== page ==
Tampa’s police chief asked a cop for a favor. What are the ethics of that?

Chief Mary O’Connor resigned in the fallout from what could have been a minor traffic stop caught on video that went viral.
Tampa Police chief Mary O'Connor, shown at an October news conference, resigned days after a video showing her asking a deputy to let her and her husband go after a traffic stop made news.
Tampa Police chief Mary O'Connor, shown at an October news conference, resigned days after a video showing her asking a deputy to let her and her husband go after a traffic stop made news. [ CHRIS URSO | Times ]
Published Dec. 8, 2022|Updated Dec. 11, 2022

The very public downfall of Tampa police Chief Mary O’Connor has sparked questions about police ethics and what’s long been called “professional courtesy” between cops.

O’Connor brought the pinnacle of her policing career to an end with a flash of her badge on a Saturday evening in November. Body cam video that would later make national news and get mocked on The Daily Show caught her and her husband — also a high-ranking city employee — as they were pulled over by a Pinellas County sheriff’s deputy because their golf cart had no tag.

Police badge in hand, O’Connor identified herself the top cop from the neighboring city and said she hoped the deputy would just let them go. When he did, she handed him her business card and said, ”If you ever need anything, call me. Serious.”

Just days after the news broke — and nearly three weeks after the actual incident — O’Connor resigned at her boss’ behest after only 10 months at the helm. Police chiefs lead by example, said Tampa Mayor Jane Castor, and “that clearly did not happen in this case.” O’Connor said during an internal review she had identified herself as a police officer “for safety” but admitted she made a mistake in asking to be let go without a ticket.

For some ethics experts, the implications were clear:

“Police officers are supposed to be treating everybody equally under the law,” said Terry Cooper, emeritus professor at the University of Southern California’s Sol Price School of Public Policy. “This is an explicit request for a favor by an ... official asking for unequal treatment — special treatment.”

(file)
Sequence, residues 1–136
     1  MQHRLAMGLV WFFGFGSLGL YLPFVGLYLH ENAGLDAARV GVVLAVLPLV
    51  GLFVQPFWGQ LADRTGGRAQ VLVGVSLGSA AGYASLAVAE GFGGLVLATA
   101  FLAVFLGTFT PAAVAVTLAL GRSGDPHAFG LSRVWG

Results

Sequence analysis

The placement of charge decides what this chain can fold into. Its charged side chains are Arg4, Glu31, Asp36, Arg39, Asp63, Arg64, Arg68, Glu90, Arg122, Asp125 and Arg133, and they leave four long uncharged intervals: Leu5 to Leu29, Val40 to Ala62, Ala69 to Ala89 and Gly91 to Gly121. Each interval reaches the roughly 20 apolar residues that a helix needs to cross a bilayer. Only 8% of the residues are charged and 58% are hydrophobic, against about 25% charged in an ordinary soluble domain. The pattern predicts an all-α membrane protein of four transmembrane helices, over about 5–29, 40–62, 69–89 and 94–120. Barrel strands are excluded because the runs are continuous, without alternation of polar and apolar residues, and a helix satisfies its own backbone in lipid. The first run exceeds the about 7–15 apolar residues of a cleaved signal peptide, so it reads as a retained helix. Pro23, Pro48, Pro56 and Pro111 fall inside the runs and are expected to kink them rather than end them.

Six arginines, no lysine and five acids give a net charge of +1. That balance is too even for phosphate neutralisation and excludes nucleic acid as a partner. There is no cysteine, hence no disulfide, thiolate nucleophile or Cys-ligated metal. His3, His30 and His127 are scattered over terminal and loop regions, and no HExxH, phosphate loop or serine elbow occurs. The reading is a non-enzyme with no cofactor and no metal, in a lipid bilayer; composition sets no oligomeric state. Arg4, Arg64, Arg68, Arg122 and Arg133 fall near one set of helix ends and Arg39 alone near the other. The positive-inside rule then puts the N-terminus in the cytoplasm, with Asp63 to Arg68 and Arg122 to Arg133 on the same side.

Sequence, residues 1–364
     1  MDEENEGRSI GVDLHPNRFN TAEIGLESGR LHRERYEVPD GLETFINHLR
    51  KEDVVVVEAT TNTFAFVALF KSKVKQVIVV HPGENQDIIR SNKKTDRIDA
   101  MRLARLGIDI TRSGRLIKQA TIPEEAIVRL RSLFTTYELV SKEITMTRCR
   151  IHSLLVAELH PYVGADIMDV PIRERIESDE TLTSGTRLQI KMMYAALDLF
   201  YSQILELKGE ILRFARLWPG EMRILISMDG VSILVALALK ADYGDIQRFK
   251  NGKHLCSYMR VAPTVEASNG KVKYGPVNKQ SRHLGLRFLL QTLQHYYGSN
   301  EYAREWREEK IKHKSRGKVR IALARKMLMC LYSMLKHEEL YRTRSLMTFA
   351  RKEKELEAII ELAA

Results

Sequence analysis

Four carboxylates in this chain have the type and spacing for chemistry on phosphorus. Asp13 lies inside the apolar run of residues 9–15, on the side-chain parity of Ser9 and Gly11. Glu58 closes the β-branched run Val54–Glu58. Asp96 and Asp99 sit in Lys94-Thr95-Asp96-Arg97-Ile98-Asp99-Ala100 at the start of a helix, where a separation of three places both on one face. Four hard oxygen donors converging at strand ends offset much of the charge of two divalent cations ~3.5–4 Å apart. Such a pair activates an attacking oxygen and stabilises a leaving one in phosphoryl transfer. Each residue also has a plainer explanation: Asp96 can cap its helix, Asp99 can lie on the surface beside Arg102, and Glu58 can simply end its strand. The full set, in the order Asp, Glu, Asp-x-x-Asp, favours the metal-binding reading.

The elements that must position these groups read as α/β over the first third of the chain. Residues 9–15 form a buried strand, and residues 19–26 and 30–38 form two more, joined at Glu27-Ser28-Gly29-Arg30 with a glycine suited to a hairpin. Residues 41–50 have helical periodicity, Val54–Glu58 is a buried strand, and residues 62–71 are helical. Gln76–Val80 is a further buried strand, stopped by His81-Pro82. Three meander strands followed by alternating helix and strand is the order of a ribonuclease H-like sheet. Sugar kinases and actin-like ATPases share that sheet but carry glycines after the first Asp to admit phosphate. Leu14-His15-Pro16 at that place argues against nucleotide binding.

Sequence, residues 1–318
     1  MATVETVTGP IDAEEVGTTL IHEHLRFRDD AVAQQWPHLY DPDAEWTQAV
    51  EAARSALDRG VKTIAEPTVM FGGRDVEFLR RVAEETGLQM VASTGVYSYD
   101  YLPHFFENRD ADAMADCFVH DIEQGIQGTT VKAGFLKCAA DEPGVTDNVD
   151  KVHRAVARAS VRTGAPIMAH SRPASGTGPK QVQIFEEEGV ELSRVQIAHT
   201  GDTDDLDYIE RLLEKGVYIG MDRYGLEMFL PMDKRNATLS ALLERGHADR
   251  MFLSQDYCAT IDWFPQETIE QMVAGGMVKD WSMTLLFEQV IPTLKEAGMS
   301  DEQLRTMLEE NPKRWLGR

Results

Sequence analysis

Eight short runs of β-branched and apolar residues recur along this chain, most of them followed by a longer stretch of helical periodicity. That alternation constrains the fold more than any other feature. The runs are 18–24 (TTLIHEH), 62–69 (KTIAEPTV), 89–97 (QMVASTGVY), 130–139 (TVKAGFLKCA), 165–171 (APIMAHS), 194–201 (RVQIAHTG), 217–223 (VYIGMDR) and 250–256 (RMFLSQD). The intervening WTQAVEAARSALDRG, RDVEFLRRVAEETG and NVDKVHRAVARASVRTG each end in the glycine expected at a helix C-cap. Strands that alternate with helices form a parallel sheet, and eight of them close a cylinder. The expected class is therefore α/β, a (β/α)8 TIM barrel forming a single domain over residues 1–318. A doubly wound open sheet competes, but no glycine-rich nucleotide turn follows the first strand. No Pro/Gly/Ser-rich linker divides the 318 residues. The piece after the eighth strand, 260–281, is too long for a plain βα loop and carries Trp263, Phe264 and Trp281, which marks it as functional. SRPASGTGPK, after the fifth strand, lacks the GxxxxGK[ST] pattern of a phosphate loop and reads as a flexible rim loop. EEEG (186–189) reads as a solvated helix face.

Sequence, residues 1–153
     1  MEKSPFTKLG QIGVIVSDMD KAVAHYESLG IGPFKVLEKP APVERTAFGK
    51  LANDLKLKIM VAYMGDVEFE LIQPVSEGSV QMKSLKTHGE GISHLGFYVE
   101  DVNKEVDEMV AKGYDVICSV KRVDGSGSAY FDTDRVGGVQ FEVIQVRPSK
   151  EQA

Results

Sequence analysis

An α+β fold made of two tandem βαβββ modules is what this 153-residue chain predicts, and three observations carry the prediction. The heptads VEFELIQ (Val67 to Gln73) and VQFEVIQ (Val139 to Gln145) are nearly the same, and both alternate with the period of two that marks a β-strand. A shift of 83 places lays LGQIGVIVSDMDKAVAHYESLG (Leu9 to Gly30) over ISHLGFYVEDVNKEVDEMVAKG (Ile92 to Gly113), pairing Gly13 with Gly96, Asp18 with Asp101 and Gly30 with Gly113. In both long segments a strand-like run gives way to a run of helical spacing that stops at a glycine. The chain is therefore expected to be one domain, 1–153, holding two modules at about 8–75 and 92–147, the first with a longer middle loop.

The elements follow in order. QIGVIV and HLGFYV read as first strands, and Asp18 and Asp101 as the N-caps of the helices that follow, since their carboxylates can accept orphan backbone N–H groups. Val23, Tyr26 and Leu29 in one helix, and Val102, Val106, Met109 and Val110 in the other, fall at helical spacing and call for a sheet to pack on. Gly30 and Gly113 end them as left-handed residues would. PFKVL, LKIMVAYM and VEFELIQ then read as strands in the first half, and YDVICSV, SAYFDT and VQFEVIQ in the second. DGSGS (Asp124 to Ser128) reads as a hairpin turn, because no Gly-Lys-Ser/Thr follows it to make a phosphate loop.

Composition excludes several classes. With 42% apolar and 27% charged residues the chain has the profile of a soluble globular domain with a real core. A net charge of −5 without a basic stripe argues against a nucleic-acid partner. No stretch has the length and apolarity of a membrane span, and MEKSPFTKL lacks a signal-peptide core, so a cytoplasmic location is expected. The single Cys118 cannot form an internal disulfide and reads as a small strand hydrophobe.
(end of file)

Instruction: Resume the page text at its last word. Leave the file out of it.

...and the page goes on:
“It was abuse of public office,” he said.

Professor Anthony Alfieri, director of the Center for Ethics & Public Service at the University of Miami School of Law, said via email that O’Connor “deliberately and specifically sought to obtain special, favored treatment, openly flouting her official duties and disregarding her ethical obligations.”

“It’s unfair to the public who would not be able to flash a badge to get out of, frankly, a petty offense,” said John Pelissero, senior scholar in government ethics at Santa Clara University.

Roxanne Watson, a media law and ethics professor at the University of South Florida, also noted an implied quid pro quo in O’Connor handing the deputy her business card and telling him to call her if he needed anything.

“This is the police chief,” she said. “This is someone at the heart of the law.” (In an internal review, O’Connor said she often gave out cards and didn’t intend preferential treatment.)

Police giving fellow officers a pass — or people who are pulled over mentioning they’re related to a cop in hopes of getting a break — is not new, particularly when the potential violation is minor.

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“That’s been around since the beginning of time — I’m sure it goes on all the time,” said former Tampa Mayor Sandy Freedman. “‘Oh, look the other way, I’m part of the blue line.’”

Other jurisdictions have different forms of professional courtesy. In New York and New Jersey, officers have been known to give out Police Benevolent Association courtesy cards to close friends and family, who can hand them to an officer along with their driver’s license during a traffic stop in hopes of getting a warning instead of a ticket.